Ukip was embroiled in a fresh race row after it emerged that one of its local election candidates has described Islam as a "totalitarian ideology" that is " against everything modern Britain stands for".

Labour said the "deeply offensive" views - contained in an email apparently sent last year to the London council on which Heino Vockrodt wishes to sit - undermined Nigel Farage's insistence that he did not lead a racist party.

In an angry diatribe complaining about an alleged planning breach by "the Afghan community" in Brent, north London, Mr Vockrodt said parts of the borough resembled Afghanistan's Helmand province.

"Being Muslims, they ignored both refusals and did it anyway," he wrote of what he said were unlawful changes to a cultural centre.

Political correctness was preventing the council taking action, he alleged, " for fear of being called racists, when, just like in all the other cases where Muslims are grooming children to be sex slaves under the eyes of the authorities, the council does nothing".

He claimed the neighbourhood was "already exploding under the weight of segregation" and shopkeepers had been " squeezed out by Muslims".

"The entire parade - once lovely owner/occupier shops - resembles Helmand Province now. Time to call in MI5 and MI6 for sure," he added.

"Islam is a mono-cultural, totalitarian ideology. It is NOT a religion. It is against multi-culturalism and only promotes its own culture. It is against everything modern Britain stands for."

In the message, sent in the early hours of the morning to the planning enforcement department, he said that while he supported a multi-ethnic society, "t he only culture applicable to this country is British" and warned the council not to ignore the " winds of change".

It is a fresh embarrassment for Ukip as it tries to fend off racism allegations following a series of scandals involving candidates, and a controversial poster campaign warning about Europeans coming to take UK jobs.

Party leader Mr Farage has sought to dispel the image, accusing the media of stirring up hatred against Ukip and appearing on a platform alongside a number of the party's black and ethnic minority candidates.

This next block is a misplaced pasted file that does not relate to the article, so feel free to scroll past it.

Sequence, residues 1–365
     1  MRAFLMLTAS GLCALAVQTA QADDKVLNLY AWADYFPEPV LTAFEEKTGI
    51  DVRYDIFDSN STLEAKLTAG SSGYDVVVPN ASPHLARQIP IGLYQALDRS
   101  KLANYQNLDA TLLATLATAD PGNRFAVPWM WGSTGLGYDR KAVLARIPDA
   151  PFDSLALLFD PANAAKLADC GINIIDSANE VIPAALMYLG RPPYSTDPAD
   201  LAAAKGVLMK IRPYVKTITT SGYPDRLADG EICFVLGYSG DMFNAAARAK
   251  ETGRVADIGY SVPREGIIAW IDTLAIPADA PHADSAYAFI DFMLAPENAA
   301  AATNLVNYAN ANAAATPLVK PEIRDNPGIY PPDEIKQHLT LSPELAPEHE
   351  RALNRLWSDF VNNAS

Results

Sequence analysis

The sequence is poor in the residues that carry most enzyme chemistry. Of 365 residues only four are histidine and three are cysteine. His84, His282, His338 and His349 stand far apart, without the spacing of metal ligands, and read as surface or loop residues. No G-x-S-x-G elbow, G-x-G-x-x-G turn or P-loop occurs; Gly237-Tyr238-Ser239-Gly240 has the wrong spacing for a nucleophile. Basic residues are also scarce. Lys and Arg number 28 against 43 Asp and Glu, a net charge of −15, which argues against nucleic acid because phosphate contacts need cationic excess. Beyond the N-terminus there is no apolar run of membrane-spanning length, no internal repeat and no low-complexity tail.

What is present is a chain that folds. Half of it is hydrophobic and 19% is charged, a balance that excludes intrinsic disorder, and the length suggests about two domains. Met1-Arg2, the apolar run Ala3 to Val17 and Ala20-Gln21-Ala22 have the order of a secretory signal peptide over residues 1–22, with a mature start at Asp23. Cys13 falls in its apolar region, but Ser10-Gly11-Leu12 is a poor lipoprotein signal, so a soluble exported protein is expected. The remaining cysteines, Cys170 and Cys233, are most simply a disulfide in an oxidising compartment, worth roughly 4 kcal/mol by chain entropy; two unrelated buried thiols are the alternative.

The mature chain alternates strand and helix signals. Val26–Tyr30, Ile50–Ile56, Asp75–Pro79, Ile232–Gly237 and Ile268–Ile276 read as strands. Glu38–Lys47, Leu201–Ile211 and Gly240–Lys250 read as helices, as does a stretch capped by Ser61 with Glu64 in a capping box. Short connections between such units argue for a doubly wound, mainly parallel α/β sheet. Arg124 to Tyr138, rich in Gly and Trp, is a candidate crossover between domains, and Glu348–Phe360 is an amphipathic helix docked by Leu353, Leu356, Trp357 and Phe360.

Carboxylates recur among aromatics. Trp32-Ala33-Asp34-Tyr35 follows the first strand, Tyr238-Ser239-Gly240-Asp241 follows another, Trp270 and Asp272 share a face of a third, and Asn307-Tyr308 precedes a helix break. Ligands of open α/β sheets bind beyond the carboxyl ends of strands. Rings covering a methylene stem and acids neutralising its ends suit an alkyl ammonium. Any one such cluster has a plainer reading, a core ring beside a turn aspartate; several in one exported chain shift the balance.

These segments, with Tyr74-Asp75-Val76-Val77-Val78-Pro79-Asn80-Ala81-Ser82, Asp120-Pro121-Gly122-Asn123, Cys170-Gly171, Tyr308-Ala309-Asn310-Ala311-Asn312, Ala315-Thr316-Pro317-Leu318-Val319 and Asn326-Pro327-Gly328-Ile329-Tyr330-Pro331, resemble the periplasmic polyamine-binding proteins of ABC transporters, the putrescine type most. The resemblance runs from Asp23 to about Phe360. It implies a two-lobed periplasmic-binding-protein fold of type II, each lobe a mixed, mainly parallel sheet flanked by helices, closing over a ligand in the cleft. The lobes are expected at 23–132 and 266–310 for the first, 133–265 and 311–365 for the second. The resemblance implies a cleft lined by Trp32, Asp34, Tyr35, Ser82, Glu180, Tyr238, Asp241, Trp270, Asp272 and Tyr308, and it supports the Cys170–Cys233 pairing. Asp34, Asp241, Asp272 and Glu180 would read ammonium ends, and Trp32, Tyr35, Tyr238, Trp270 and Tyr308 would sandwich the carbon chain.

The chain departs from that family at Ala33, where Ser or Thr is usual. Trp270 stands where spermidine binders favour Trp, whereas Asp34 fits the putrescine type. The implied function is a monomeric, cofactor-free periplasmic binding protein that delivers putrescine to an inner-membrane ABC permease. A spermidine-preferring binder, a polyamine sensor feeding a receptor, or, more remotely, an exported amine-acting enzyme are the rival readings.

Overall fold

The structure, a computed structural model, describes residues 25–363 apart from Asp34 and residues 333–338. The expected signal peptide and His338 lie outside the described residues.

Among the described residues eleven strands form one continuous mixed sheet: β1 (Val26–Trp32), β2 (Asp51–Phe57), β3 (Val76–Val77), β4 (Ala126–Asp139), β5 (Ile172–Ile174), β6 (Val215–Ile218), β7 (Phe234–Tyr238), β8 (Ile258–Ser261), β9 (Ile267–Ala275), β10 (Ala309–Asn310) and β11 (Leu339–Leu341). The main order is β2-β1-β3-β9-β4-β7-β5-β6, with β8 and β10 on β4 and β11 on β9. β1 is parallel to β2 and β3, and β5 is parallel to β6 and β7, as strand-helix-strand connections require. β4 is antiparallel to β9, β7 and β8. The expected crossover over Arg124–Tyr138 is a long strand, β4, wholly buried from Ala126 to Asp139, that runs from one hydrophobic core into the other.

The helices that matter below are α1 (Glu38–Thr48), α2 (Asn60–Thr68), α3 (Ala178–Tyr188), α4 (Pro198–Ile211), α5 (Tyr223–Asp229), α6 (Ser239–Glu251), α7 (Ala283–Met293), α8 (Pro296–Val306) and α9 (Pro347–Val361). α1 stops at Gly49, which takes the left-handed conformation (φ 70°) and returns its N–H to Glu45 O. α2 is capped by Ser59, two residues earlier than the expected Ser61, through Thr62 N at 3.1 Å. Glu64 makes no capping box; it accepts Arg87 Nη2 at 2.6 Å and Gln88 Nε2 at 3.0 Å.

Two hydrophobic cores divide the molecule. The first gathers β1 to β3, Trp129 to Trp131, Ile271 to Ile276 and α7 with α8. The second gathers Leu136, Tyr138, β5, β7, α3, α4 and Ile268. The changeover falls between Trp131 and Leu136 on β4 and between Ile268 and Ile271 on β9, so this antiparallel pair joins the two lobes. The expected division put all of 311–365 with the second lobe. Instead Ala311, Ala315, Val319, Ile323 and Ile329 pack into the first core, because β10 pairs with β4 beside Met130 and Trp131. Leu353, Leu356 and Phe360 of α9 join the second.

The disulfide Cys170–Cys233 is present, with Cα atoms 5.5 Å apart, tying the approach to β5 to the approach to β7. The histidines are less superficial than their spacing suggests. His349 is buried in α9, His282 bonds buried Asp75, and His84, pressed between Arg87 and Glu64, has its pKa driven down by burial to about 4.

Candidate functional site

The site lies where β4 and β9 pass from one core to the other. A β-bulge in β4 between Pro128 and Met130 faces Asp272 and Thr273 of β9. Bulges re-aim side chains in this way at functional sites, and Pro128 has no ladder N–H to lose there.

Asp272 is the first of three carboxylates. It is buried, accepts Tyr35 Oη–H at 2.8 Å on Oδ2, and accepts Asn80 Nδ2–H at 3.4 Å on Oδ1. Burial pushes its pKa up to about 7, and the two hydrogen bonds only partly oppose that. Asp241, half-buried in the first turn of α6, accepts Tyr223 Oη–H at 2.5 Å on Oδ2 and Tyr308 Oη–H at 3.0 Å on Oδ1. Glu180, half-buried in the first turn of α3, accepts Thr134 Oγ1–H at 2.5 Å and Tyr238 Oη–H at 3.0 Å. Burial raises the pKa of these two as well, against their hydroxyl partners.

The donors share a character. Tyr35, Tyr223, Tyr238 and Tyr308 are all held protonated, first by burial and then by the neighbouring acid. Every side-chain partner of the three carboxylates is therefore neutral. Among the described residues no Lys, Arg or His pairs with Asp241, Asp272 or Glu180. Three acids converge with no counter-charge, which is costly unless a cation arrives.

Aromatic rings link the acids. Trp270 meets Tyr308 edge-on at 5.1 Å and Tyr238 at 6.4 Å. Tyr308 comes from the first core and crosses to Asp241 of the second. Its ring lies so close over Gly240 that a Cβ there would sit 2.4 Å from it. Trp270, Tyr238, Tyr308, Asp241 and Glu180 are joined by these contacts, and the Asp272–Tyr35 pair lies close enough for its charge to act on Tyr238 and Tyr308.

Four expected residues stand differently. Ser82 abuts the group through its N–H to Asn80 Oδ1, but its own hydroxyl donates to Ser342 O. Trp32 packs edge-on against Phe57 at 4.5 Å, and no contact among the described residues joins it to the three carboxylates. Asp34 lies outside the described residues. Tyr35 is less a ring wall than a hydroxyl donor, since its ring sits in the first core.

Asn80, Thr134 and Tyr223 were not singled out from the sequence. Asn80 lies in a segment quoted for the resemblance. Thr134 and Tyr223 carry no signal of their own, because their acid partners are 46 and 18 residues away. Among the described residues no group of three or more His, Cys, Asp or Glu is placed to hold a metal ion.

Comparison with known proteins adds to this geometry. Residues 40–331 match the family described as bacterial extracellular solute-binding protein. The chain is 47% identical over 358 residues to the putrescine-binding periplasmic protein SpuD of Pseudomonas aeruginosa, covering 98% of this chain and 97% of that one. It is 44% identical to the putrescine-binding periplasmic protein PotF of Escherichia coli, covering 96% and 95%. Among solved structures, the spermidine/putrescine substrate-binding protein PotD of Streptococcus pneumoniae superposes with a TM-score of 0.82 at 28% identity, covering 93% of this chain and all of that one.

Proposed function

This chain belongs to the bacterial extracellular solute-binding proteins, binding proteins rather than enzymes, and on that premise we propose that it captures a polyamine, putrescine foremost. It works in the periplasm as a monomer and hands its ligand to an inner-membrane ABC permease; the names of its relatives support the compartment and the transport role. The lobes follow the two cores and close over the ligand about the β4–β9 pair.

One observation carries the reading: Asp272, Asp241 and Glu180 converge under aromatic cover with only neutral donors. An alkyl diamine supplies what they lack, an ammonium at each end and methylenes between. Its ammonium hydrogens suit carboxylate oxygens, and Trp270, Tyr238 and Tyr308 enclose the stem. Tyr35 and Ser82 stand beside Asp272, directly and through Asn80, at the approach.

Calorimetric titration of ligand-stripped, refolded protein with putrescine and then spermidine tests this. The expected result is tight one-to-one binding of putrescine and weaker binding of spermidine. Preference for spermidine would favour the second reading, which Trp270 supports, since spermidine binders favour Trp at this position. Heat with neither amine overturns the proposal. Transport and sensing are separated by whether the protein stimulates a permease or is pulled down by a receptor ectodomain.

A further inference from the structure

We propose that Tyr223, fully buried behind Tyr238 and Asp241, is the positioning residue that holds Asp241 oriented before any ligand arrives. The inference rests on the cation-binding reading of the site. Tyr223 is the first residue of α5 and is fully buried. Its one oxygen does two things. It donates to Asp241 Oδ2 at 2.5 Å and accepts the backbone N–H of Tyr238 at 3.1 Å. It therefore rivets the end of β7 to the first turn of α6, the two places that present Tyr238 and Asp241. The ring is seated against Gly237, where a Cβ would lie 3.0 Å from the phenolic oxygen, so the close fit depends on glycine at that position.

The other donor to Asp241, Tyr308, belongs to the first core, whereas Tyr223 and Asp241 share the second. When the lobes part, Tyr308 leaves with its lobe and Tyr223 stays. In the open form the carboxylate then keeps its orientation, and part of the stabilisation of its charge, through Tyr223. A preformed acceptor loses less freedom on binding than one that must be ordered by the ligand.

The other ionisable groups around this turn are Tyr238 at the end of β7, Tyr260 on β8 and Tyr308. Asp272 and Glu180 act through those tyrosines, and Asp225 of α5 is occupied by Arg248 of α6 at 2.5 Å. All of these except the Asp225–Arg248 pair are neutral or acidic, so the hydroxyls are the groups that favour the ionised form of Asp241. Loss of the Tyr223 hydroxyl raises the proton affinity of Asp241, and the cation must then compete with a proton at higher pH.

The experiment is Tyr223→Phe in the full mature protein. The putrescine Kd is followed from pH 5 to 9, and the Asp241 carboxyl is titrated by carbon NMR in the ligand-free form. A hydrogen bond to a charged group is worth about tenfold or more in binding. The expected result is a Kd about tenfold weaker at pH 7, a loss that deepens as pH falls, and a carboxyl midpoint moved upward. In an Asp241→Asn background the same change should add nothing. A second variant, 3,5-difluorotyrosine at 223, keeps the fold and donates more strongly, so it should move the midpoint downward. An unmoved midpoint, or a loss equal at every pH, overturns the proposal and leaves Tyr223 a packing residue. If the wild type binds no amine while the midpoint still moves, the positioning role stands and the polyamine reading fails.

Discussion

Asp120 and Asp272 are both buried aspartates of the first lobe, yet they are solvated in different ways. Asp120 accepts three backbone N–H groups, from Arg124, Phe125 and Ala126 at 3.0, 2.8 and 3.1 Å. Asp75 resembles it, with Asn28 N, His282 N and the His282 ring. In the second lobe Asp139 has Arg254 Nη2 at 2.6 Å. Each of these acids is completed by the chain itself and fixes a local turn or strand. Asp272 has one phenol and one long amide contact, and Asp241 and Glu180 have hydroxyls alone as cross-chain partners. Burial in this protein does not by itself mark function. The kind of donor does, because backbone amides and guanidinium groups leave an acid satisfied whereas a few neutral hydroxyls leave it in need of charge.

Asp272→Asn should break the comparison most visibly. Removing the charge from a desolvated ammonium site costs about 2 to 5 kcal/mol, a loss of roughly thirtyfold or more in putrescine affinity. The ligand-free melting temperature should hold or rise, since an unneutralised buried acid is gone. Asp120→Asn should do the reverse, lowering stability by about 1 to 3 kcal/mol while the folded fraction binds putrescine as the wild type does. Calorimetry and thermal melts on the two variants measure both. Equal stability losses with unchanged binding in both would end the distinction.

"I don't care what you call us but from this moment on, please, do not ever call us a racist party. We are not a racist party," he declared.

But one of the party's prominent British Asian Ukip supporters has quit, accusing Mr Farage of playing the race card to win votes.

Sanya-Jeet Thandi, a youth member who was previously put up to defend the party in television interviews, said its current direction was "terrifying".

The Labour leader of Brent council, Muhammed Butt, said: "Mr Vockrodt's odious comments are deeply offensive.

"Nigel Farage keeps claiming Ukip isn't a racist party, but that's a hard pill to swallow when its members have put forward an individual with such plainly bigoted views for election to public office.

"In Brent we draw strength from our diversity and the vibrancy it brings, and our community deserves better."

A Ukip spokesman said: "Ukip is a non-racist, non-sectarian party and all candidates and members are expected to uphold these values. Where evidence is produced to indicate a breach, it will be considered at the earliest opportunity by the national executive committee as part of an established disciplinary procedure."

Mr Farage expressed "surprise" at Ms Thandi's departure, suggesting she might have been "intimidated" into quitting.

"She may have been intimidated, I don't know quite why she changed her mind," he told BBC Radio 4's World at One.

"We hadn't changed in seven days, had we? Nothing had changed in seven days... She changed in seven days, we didn't.

"So it is surprising on that level.

"Really more surprising is one 21-year-old, who no longer held any position within the party at all - because since she had gone to the London School of Economics she had been coming under a fair bit of peer pressure over being in Ukip - one 21-year-old leaves and it is a big story for the BBC, it is huge on the front page of the national newspapers.

"I didn't see any coverage of the rally I had in London the week before, when we had four dozen of our black and ethnic minority candidates standing there saying we believe in Ukip."

Mr Farage insisted Ukip had the "best and fairest" immigration policy of any of the parties.

He also renewed his warning that 250,000 Romanians and Bulgarians could come to Britain over five years, despite official figures yesterday suggesting numbers had actually dropped 3,000 to 122,000 in the first three months after working restrictions were lifted.

"What you saw for the first few weeks was so small and statistically insignificant that just five people leaving, five people leaving could have produced those figures," he said.

"Any proper statistician will say that you have to look at these figures year on year."

He went on: "The floodgates have opened... Net migration in this country last year was up to 212,000.

"There are 2.2 million Romanians who have left already. They have gone to Spain, they have gone to Italy, they have gone to Germany.

"I have always said that most Romanians who will come to Britain will probably come here from Spain, given how dire the eurozone is.

"We can't get away from the fact that there are over 4,000 people a week from all parts of the European Union coming to settle in Britain."

He said he still believed 250,000 more Romanians and Bulgarians would come to Britain over five years.

"It could be far more than that, a lot depends on the economies. I suspect the biggest risk we have is the eurozone, which looks to be a catastrophe," Mr Farage added.